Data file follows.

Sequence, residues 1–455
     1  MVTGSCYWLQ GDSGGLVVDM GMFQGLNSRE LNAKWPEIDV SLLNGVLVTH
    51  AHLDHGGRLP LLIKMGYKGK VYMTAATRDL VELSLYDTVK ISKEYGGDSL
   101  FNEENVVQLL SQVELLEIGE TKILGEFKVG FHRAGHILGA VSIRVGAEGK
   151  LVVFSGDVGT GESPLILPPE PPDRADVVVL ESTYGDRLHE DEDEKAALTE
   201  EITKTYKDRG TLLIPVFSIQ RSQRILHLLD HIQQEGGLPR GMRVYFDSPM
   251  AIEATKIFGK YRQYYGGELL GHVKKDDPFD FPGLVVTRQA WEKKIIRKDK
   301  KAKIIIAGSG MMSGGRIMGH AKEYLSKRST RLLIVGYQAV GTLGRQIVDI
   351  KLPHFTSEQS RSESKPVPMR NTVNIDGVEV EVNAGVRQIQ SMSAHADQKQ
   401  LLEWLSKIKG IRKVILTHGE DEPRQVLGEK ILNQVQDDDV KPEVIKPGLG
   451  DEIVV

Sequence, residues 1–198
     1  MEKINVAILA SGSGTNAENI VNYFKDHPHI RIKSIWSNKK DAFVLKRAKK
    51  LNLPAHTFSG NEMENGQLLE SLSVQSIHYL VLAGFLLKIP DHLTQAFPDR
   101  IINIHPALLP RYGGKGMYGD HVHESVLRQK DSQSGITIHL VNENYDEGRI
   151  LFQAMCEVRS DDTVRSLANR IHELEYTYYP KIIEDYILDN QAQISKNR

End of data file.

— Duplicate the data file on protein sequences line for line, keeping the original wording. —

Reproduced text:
Sequence, residues 1–455
     1  MVTGSCYWLQ GDSGGLVVDM GMFQGLNSRE LNAKWPEIDV SLLNGVLVTH
    51  AHLDHGGRLP LLIKMGYKGK VYMTAATRDL VELSLYDTVK ISKEYGGDSL
   101  FNEENVVQLL SQVELLEIGE TKILGEFKVG FHRAGHILGA VSIRVGAEGK
   151  LVVFSGDVGT GESPLILPPE PPDRADVVVL ESTYGDRLHE DEDEKAALTE
   201  EITKTYKDRG TLLIPVFSIQ RSQRILHLLD HIQQEGGLPR GMRVYFDSPM
   251  AIEATKIFGK YRQYYGGELL GHVKKDDPFD FPGLVVTRQA WEKKIIRKDK
   301  KAKIIIAGSG MMSGGRIMGH AKEYLSKRST RLLIVGYQAV GTLGRQIVDI
   351  KLPHFTSEQS RSESKPVPMR NTVNIDGVEV EVNAGVRQIQ SMSAHADQKQ
   401  LLEWLSKIKG IRKVILTHGE DEPRQVLGEK ILNQVQDDDV KPEVIKPGLG
   451  DEIVV

Sequence, residues 1–198
     1  MEKINVAILA SGSGTNAENI VNYFKDHPHI RIKSIWSNKK DAFVLKRAKK
    51  LNLPAHTFSG NEMENGQLLE SLSVQSIHYL VLAGFLLKIP DHLTQAFPDR
   101  IINIHPALLP RYGGKGMYGD HVHESVLRQK DSQSGITIHL VNENYDEGRI
   151  LFQAMCEVRS DDTVRSLANR IHELEYTYYP KIIEDYILDN QAQISKNR